which eld current is plotted against real power for xed power factor.

Salient Pole Machines: Two-Reaction Theory

So far, we have been describing what are referred to as round rotor machines, in which stator
reactance is not dependent on rotor position. This is a pretty good approximation for large turbine
generators and many smaller two-pole machines, but it is not a good approximation for many
synchronous motors nor for slower speed generators. For many such applications it is more cost
eective to wind the eld conductors around steel bodies (called poles) which are then fastened
onto the rotor body, with bolts or dovetail joints. These produce magnetic anisotropies into the
machine which aect its operation. The theory which follows is an introduction to two-reaction
theory and consequently for the rotating eld transformations that form the basis for most modern
dynamic analyses.
Figure 8 shows a very schematic picture of the salient pole machine, intended primarily to show
how to frame this analysis. As with the round rotor machine the stator winding is located in slots
in the surface of a highly permeable stator core annulus. The eld winding is wound around steel
pole pieces. We separate the stator current sheet into two components: one aligned with and one
11

Vee Curves
1.2

Per-Unit Ia

1
0.8
0.6
0.4
0.2
0
0

0.5

1.5

2.5

Per-Unit Field Current


Per-Unit Real Power:

0.00

0.32

0.64

0.96

Figure 7: Synchronous Machine Vee Curve


in quadrature to the eld. Remember that these two current components are themselves (linear)
combinations of the stator phase currents. The transformation between phase currents and the dand q- axis components is straightforward and will appear in Chapter 4 of these notes.
The key here is to separate MMF and ux into two orthogonal components and to pretend that
each can be treated as sinusoidal. The two components are aligned with the direct axis and with
the quadrature axis of the machine. The direct axis is aligned with the eld winding, while the
quadrature axis leads the direct by 90 degrees. Then, if is the angle between the direct axis and
the axis of phase a, we can write for ux linking phase a:
a = d cos q sin
Then, in steady state operation, if Va =

da
dt

and = t + delta ,

Va = d sin q cos
which allows us to dene:
Vd = q
Vq = d

one might think of the voltage vector as leading the ux vector by 90 degrees.

Now, if the machine is linear, those uxes are given by:

d = Ld Id + M If
q = Lq Iq
12

daxis

Iq

q=axis

I
d

I
f

Figure 8: Cartoon of a Salient Pole Synchronous Machine


V

Vq

V
d
Figure 9: Resolution of Terminal Voltage

Note that, in general, Ld =


Lq . In wound-eld synchronous machines, usually Ld > Lq . The
reverse is true for most salient (buried magnet) permanent magnet machines.
Referring to Figure 9, one can resolve terminal voltage into these components:
Vd = V sin
Vq = V cos
or:
Vd = q = Lq Iq = V sin

Vq = d = Ld Id + M If = V cos

which is easily inverted to produce:


Id =

V cos Eaf
Xd
13

Iq =

V sin
Xq

where
Xd = Ld

Xq = Lq

Eaf = M If

Now, we are working in ordinary variables (this discussion should help motivate the use of per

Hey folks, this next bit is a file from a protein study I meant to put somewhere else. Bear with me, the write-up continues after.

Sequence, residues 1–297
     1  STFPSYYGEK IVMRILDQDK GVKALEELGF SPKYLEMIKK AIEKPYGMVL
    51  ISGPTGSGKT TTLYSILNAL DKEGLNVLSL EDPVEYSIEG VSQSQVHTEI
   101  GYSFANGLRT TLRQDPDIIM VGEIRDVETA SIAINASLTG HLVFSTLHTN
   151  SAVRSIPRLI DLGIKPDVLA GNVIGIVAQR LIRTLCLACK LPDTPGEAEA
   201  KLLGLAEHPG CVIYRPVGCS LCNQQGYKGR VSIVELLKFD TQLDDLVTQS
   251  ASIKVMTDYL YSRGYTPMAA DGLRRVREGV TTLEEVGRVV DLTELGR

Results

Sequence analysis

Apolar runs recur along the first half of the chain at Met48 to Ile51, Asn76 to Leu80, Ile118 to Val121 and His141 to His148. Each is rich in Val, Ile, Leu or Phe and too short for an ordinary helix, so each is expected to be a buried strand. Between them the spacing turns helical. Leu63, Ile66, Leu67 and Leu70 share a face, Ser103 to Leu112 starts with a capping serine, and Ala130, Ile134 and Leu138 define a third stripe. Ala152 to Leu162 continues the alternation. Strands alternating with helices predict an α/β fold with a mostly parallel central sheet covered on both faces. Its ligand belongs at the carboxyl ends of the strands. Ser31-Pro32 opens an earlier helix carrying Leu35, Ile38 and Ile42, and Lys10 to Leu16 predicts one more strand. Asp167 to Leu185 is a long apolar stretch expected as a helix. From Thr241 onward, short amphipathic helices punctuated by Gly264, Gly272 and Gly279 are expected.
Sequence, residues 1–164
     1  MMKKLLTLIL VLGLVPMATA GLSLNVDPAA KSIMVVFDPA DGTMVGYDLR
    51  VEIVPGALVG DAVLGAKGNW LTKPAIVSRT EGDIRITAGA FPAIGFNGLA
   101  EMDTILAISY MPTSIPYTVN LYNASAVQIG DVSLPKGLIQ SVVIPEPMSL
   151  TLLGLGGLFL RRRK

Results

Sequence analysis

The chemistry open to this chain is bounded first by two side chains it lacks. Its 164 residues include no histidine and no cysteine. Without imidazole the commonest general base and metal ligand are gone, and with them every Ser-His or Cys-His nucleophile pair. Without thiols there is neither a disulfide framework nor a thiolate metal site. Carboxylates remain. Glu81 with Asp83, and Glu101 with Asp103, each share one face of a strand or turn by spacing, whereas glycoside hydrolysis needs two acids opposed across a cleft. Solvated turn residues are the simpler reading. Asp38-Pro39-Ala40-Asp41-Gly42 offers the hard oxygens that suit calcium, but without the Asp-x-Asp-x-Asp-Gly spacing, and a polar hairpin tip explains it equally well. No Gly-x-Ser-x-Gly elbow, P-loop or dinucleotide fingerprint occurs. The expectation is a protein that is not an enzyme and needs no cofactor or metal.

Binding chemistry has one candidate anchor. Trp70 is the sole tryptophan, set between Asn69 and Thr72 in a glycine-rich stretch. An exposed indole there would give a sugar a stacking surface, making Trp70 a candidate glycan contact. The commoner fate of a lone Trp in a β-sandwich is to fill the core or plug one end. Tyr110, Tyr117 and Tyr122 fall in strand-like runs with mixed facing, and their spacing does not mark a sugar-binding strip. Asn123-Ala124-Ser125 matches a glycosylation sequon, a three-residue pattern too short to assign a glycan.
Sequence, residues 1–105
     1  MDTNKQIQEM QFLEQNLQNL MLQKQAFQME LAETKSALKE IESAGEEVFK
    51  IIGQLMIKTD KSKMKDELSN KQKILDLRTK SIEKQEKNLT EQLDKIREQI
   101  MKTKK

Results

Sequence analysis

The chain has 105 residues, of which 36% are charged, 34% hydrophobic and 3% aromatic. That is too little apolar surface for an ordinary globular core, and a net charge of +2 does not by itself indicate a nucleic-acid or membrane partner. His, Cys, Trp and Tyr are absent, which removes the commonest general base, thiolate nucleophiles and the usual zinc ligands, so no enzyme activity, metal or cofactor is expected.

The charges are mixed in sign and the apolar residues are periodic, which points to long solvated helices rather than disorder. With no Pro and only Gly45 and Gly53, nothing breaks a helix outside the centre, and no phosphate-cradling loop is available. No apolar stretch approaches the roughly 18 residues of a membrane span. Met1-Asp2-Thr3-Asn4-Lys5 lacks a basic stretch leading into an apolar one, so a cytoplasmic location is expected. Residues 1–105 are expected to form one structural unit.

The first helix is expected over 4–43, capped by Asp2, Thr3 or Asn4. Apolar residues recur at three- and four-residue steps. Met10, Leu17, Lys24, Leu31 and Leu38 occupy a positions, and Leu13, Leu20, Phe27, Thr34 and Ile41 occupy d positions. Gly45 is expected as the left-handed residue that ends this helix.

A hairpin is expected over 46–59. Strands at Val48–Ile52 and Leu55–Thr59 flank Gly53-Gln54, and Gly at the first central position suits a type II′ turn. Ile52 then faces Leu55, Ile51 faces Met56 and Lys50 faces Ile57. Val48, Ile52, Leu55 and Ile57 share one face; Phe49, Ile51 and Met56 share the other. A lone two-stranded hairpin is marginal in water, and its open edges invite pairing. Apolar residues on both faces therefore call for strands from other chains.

unit!), and each of these variables is peak amplitude. Then, if we take up a complex frame of
reference:
V

= Vd + jVq

I = Id + jIq
complex power is:
3
3
P + jQ = V I = {(Vd Id + Vq Iq ) + j (Vq Id Vd Iq )}
2
2
or:
P

3
=
2

Q =

3
2

V Eaf
V2
sin +
Xd
2

V2
2

1
1
+
Xd Xq

1
1

Xd Xq

V2

sin 2

1
1

Xd Xq

V Eaf
cos 2
cos
Xd

Id
I

Iq

jX I
dd

j XqI

d axis

j XqIq
q axis
E
af

Figure 10: Phasor Diagram: Salient Pole Machine


A phasor diagram for a salient pole machine is shown in Figure 10. This is a little dierent
from the equivalent picture for a round-rotor machine, in that stator current has been separated
into its d- and q- axis components, and the voltage drops associated with those components have
14

been drawn separately. It is interesting and helpful to recognize that the internal voltage Eaf can
be expressed as:
Eaf = E1 + (Xd Xq ) Id
where the voltage E1 is on the quadrature axis. In fact, E1 would be the internal voltage of a
round rotor machine with reactance Xq and the same stator current and terminal voltage. Then
the operating point is found fairly easily:
1

= tan

Xq I sin
V + Xq I cos

(V + Xq I sin )2 + (Xq I cos )2

E1 =

Power-Angle Curves
1.5

xd=2.2
1

xq = 1.6

Per-Unit

0.5

Round Rotor
0
-4

-3

-2

-1

Salient Rotor
0

-0.5

-1

-1.5
Torque Angle

Figure 11: Torque-Angle Curves: Round Rotor and Salient Pole Machines
A comparison of torque-angle curves for a pair of machines, one with a round, one with a salient
rotor is shown in Figure 11 . It is not too dicult to see why power systems analysts often neglect
saliency in doing things like transient stability calculations.

10

Relating Rating to Size

It is possible, even with the simple model we have developed so far, to establish a quantitative
relationship between machine size and rating, depending (of course) on elements such as useful ux
15

and surface current density. To start, note that the rating of a machine (motor or generator) is:
|P + jQ| = qV I
where q is the number of phases, V is the RMS voltage in each phase and I is the RMS current.
To establish machine rating we must establish voltage and current, and we do these separately.

10.1

Voltage

Assume that our sinusoidal approximation for turns density is valid:


Na
cos p
2R

na () =
And suppose that working ux density is:

Br () = B0 sin p( )
Now, to compute ux linked by the winding (and consequently to compute voltage), we rst
compute ux linked by an incremental coil:
i () =

Br ( )Rd

Then ux linked by the whole coil is:

a = p

2p

2p

i ()na ()Rd =

2RNa
B0 cos p
4 p